If I had to recommend rackets to try based on all the demos I blew threw this year (20+) trying to get back in the game, (most were under 64 RA) my top picks for must try would be:

Blade v7 98 18x20
Blade v7 104
Clash 98 or 100 - (Don't bother with these if you play flat)
Prince Phantom 100p
 

Ogdensnut

New User
Kind of hard to give recommendation without knowing your play style. 20 years is a significant amount of time. I just returned after 10. People and the market have gravitated towards larger heads and lighter weight. Are you unable to demo anything or just Prince?

If I had to recommend rackets to try based on all the demos I blew threw this year (20+) trying to get back in the game, (most were under 64 RA) my top picks for must try would be:

Blade v7 98 18x20
Blade v7 104
Clash 98 or 100 - (Don't bother with these if you play flat)
Prince Phantom 100p
Thanks. I was looking for something around 61 RA as that’s what I used before. I don’t hit flat but don’t use tons of spin- I use it selectively. Play mostly doubles, so serve and volley important. I think the Phantom 100p should tick a few boxes. I’ve never been a real power player, preferring to rely on accuracy and touch. Did you try any of the Prestige’s or Pro Tour 2.0?
 

socallefty

Hall of Fame
If you put your old Fischer racquet specs into the TW racquet finder, the only current racquet that comes close is the Yonex VCore Pro97 HD. I loved it when I demo’d it as it has a nice traditional feel and it is great at the net. I would definitely suggest adding it to your initial demo list.
 

Yamin

Rookie
Thanks. I was looking for something around 61 RA as that’s what I used before. I don’t hit flat but don’t use tons of spin- I use it selectively. Play mostly doubles, so serve and volley important. I think the Phantom 100p should tick a few boxes. I’ve never been a real power player, preferring to rely on accuracy and touch. Did you try any of the Prestige’s or Pro Tour 2.0?
I didn't try the pro tour. I'm coming off a surgery and needed something softer. You can find people's opinions on it in a megathread somewhere here. I think overall people had said it's a solid racket but were disappointed that it didn't feel like the original.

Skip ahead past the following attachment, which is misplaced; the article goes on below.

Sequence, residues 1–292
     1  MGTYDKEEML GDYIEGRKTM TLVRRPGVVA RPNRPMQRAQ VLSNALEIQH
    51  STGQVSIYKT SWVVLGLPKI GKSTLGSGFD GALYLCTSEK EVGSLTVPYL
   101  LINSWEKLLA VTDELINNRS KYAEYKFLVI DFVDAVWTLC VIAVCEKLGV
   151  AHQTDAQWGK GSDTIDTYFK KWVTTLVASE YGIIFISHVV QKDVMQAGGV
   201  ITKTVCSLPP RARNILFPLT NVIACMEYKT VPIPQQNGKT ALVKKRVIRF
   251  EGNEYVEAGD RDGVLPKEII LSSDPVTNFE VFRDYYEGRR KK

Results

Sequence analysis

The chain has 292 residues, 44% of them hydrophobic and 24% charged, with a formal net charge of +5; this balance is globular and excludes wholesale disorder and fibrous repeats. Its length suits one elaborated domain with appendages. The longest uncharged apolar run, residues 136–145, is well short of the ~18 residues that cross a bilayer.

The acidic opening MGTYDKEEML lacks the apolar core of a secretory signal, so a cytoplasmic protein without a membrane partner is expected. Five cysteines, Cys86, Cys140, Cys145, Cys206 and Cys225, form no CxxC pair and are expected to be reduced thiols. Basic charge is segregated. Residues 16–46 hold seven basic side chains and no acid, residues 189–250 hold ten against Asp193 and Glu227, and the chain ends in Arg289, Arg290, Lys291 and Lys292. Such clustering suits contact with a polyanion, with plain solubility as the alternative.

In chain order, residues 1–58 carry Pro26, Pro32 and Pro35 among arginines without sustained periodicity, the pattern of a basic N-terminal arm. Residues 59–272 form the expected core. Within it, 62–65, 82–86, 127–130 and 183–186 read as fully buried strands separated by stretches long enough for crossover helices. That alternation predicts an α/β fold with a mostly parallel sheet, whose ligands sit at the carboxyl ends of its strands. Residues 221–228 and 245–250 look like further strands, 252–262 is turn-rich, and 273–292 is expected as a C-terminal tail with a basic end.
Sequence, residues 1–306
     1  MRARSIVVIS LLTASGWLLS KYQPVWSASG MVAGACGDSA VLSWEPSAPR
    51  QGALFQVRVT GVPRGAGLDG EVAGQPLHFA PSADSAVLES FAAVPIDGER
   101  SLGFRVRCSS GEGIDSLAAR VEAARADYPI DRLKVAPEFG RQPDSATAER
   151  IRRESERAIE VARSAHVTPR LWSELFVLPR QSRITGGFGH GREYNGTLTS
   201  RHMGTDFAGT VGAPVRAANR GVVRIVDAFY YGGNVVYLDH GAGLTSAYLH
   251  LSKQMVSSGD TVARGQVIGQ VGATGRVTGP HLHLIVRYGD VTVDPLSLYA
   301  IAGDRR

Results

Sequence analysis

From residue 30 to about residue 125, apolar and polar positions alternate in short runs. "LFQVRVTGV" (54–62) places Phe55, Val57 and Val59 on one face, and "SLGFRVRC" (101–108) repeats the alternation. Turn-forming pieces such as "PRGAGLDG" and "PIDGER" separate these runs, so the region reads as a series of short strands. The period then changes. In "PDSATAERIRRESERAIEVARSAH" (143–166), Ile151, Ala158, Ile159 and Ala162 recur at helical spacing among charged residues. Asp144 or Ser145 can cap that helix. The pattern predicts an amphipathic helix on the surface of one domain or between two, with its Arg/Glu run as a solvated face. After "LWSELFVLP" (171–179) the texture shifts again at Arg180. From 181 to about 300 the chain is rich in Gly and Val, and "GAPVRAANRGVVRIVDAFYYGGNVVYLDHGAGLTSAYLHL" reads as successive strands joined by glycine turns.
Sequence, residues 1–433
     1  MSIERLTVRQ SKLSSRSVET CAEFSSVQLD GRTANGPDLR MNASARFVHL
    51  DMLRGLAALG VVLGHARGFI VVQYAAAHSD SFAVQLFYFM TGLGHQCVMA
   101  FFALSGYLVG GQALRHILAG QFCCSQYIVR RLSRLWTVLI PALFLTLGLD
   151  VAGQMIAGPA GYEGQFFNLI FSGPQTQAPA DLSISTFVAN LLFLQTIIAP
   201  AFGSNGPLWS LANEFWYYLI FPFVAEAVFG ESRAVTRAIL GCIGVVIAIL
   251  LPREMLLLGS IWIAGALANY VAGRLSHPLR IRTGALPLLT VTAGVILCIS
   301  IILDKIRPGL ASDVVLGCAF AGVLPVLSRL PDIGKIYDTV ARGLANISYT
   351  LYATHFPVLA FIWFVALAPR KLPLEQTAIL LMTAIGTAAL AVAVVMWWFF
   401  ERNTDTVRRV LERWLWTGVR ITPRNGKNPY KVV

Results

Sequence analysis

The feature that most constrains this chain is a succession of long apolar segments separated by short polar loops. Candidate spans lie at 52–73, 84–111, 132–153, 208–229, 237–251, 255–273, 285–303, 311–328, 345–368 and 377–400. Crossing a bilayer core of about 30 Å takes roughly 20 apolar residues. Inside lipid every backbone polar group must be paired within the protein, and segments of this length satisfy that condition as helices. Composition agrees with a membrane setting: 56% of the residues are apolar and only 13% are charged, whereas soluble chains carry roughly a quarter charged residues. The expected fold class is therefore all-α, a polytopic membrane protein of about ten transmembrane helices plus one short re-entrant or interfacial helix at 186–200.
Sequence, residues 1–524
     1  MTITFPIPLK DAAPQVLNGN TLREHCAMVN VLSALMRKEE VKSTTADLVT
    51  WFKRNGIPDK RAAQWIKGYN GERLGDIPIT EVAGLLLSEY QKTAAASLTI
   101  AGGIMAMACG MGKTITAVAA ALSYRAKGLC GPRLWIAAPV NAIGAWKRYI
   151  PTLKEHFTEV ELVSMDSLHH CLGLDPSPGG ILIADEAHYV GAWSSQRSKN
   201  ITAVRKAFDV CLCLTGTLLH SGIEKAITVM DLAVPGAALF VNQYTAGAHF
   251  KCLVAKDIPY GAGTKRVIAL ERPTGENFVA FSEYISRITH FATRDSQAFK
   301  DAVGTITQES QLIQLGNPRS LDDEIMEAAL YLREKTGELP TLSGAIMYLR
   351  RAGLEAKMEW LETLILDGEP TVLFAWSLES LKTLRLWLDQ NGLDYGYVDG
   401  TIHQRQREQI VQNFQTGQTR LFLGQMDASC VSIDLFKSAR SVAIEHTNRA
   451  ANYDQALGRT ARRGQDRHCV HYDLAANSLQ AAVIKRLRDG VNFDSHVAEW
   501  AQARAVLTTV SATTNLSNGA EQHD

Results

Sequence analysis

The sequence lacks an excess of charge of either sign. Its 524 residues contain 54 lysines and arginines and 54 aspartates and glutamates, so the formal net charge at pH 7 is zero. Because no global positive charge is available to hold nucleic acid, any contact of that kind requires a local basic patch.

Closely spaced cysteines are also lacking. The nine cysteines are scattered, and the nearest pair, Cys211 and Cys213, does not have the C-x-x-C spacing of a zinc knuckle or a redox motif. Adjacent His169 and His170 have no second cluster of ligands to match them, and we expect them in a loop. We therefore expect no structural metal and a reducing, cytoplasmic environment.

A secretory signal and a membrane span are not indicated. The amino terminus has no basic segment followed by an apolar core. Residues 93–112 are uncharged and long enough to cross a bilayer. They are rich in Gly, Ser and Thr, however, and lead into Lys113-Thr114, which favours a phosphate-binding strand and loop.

I tried the prestige MP and mid. The mid was nice for how long I could tolerate it (demo came with pretty stiff poly) and if you have no arm issues it's a good racket but the small headsize wasn't helping me. The MP was okay. The blade 18x20 was significantly better. The Yonex VCore Pro97 HD is also thrown in when comparing these (blade and prestige mp) and is considered to have more of a traditional feel. Lower flex than the two as well.

I'd skip the clashes I mentioned trying based on your play style.
 

Ogdensnut

New User
I didn't try the pro tour. I'm coming off a surgery and needed something softer. You can find people's opinions on it in a megathread somewhere here. I think overall people had said it's a solid racket but were disappointed that it didn't feel like the original.

I tried the prestige MP and mid. The mid was nice for how long I could tolerate it (demo came with pretty stiff poly) and if you have no arm issues it's a good racket but the small headsize wasn't helping me. The MP was okay. The blade 18x20 was significantly better. The Yonex VCore Pro97 HD is also thrown in when comparing these (blade and prestige mp) and is considered to have more of a traditional feel. Lower flex than the two as well.

I'd skip the clashes I mentioned trying based on your play style.
Cheers! As much as I like to think I can still cut the mustard a 90 inch head might be pushing it, especially as I’m not getting any younger and getting back into the game with arthritis (the reason I packed in 20 yrs ago). I think the phantom is worth a punt but will try and demo the Yonex.